In the middle of a family get-together, some of us adults suddenly realized we had an afternoon to ourselves. It's how things go in a household with three children and several visitors: With almost no warning, the chaos breaks -- the sons are at hockey, the daughter is at a sleepover -- and the grownups say to each other, "My goodness, we can actually go do something!"
So I grabbed the paper, and my mother got on the Internet, and we quickly developed a problem. We had just this one, precious afternoon, you see, and this particular family get-together was taking place in the District of Columbia. Having one afternoon in D.C. is like having one meal in New Orleans or one night in New York. You're likely to be haunted by whatever you don't choose.
Think of D.C. as having three levels of tourist attractions: the monuments, which everybody stands around and gawks at; the museums and galleries, where visitors tend to focus; and the local spots, the ones you need an actual resident to tell you about. On all three levels it is awesome -- truly Tourist Town, U.S.A.
Having had family in D.C. for most of my life, I've seen every monument, some twice, and I recommend them all; when we Americans set our mind to it, we can do remembrance and propaganda with the best of them. But we wanted to cover new ground, and with nobody immediately available to help us with local stuff, we decided we would be looking for a gallery or a museum.
Such narrowing-down didn't help a whole lot. The Smithsonian alone has 16 options. But we had both seen The Spirit of St. Louis and the original Star-Spangled Banner and the Hope Diamond. Looking elsewhere, my inner goofball was intrigued by the postal museum, featuring, among countless stamps, the first piece of mail to be flown over the Atlantic. There's a textile museum, too, but we were looking for things we would actually want to do, not sit and wonder about.
It was too cold for the National Zoo, although they do have two giant pandas, and Mom wasn't into the Bureau of Engraving and Printing. "But Mom! An eight-foot stack of sheets, each sheet with 32 $100 bills? We've got to see that!" Money is always weird between parents and sons. (One note I had to get in: According to the Bureau's Web site, as of July 31, 2000, there were $539,890,223,079 in total U.S. currency in worldwide circulation.)
Mom also wasn't into the FBI tour, which includes crime laboratories and a live firearms demonstration, and sadly the International Spy Museum wasn't open yet (it's set for June).
While I was looking into guns and money, Mom was going garden. But it wasn't the right time of year for, say, the Kenilworth Aquatic Gardens, which was described as "thousands of water plants, waterlilies, lotuses, water hyacinths and bamboo growing in ponds along the Anacostia River." Nor was it time for the National Cherry Blossom Festival, which this March and April will feature various displays of Japanese art, a sushi bar with 20 chefs, a parade with the enticingly titled Smithsonian Kite Festival -- oh, and about a billion cherry trees in bloom.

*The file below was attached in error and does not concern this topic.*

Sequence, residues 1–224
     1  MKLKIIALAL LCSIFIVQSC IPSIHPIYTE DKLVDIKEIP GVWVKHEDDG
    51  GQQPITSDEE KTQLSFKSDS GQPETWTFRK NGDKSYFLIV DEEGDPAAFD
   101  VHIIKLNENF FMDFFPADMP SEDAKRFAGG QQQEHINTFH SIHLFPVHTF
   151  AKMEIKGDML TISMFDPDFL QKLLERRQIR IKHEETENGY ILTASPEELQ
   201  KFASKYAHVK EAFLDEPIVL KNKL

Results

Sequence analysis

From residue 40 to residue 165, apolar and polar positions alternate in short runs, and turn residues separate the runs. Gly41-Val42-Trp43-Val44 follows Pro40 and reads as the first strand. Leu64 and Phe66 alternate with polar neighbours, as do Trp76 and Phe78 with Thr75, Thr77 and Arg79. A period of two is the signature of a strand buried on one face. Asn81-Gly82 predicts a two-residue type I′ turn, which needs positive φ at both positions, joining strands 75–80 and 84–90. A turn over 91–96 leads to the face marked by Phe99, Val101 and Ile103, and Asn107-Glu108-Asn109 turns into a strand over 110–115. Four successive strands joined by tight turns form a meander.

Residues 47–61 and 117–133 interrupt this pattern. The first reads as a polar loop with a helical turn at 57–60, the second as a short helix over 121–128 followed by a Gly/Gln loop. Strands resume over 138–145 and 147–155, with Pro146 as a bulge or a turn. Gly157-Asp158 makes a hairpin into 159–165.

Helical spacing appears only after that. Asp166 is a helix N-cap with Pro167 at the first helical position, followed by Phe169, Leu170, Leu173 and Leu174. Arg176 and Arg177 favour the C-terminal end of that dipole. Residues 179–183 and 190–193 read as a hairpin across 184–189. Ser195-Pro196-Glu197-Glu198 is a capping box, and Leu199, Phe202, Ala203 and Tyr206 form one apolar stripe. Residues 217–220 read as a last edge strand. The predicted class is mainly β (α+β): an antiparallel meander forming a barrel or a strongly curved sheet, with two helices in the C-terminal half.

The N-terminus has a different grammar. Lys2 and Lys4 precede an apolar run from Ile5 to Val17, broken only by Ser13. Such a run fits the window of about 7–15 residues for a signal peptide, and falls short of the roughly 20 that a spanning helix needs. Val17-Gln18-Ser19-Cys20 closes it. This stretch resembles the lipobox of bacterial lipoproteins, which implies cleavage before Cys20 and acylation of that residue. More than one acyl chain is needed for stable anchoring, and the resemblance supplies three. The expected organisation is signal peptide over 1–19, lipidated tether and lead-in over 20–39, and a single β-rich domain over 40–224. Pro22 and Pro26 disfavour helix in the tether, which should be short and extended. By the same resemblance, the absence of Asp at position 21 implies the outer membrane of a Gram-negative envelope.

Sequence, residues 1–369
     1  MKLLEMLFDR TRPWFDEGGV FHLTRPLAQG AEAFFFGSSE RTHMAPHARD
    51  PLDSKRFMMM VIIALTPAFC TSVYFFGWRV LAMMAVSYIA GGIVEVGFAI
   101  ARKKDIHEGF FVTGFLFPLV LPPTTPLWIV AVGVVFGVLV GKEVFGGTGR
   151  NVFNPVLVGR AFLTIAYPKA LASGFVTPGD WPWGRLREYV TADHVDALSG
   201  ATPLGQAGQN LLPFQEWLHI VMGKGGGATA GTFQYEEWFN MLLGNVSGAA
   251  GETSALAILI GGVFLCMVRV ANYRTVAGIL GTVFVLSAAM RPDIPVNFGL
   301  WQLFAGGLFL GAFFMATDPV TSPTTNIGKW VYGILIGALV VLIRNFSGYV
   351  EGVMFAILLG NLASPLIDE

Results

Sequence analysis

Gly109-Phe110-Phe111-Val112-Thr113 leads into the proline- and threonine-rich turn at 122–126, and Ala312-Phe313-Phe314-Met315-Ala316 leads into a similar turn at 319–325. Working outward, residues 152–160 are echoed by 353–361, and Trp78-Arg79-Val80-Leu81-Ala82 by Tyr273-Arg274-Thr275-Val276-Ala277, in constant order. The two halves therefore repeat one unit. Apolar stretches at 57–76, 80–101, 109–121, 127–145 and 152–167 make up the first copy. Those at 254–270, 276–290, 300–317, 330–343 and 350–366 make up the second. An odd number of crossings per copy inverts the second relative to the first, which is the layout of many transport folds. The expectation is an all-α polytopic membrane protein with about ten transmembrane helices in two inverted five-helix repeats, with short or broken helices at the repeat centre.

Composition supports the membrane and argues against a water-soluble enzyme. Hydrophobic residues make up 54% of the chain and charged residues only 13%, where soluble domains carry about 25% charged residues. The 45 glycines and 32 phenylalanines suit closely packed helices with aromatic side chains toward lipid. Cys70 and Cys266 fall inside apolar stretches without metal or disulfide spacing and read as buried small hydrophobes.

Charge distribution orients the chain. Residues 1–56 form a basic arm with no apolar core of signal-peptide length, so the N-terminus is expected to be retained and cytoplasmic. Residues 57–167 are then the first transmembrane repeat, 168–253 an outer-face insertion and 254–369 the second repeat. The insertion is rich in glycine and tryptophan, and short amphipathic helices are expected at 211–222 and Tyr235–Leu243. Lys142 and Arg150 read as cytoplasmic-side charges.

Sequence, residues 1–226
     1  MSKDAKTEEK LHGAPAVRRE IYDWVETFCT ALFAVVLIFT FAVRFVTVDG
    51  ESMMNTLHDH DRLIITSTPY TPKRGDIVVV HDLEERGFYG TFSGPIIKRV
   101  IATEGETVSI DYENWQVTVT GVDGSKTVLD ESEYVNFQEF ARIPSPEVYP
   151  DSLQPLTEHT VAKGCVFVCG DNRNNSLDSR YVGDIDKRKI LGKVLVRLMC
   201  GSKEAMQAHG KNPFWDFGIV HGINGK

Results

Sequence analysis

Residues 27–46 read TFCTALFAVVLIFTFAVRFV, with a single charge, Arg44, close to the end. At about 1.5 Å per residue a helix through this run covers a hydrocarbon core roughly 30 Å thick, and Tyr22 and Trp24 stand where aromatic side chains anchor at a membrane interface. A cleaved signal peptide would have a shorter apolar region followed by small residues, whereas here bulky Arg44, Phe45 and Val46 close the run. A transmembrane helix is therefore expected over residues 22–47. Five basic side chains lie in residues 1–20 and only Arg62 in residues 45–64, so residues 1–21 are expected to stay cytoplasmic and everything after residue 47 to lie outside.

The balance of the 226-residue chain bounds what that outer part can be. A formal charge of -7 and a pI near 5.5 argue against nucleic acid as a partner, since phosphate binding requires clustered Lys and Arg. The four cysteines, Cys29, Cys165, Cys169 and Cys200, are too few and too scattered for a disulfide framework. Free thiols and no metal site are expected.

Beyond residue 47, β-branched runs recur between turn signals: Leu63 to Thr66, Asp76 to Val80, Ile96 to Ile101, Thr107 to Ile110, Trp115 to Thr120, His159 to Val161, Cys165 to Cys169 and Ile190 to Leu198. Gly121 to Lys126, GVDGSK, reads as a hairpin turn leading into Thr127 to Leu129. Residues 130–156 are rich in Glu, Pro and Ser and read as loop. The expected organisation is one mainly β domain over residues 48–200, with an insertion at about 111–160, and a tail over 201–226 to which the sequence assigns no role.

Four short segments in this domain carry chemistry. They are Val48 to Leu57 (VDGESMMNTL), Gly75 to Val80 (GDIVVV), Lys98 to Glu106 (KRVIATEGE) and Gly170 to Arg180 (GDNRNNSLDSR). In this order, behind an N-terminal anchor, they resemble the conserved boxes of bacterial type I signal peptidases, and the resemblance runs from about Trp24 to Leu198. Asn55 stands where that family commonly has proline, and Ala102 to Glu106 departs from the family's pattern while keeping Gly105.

This is what happens to the tourist in D.C. It's insane, really. It's our Mecca. Absolutely every American, preferably as a child, should be required to visit Washington. I don't care what kind of sights and attractions you're into, D.C. has it -- and virtually all of it is free.
We had put in 45 minutes of research, and all we had to show for it was an ever-expanding list of choices. We finally thought, To hell with it, let's just find a type of art we can both get into. I put in a vote for the German Expressionists at the National Gallery. Mom lobbied for the modern stuff at the Hirshhorn Museum and Sculpture Garden. We settled on Asian at the Freer.
Maybe you're not into six-foot-tall Japanese screens or Islamic art from a thousand years ago or six thousand years of Chinese art or Japanese porcelain or the Buddhist cave drawings from the old Silk Road. Mom and I can hardly get enough of them, although we managed to do so at the Freer. Then there's the Peacock Room, every inch of which was painted and decorated by James McNeill Whistler with blue and white porcelain and golden peacocks.
All this, and we just missed the Tibetan healing mandala. For two weeks in January, 20 monks working in shifts created, entirely from memory, a seven-foot-square pattern of mind-boggling detail -- using sand. Sometimes they use flowers, herbs, grains, colored stones, and semiprecious and precious stones. All this because His Holiness the Dalai Lama called for it to help the world heal after September 11th. You really should check out the images of it and the time-lapse shots of its construction on the Freer's Web site, www.asia.si.edu.
Ho hum, just another afternoon in D.C.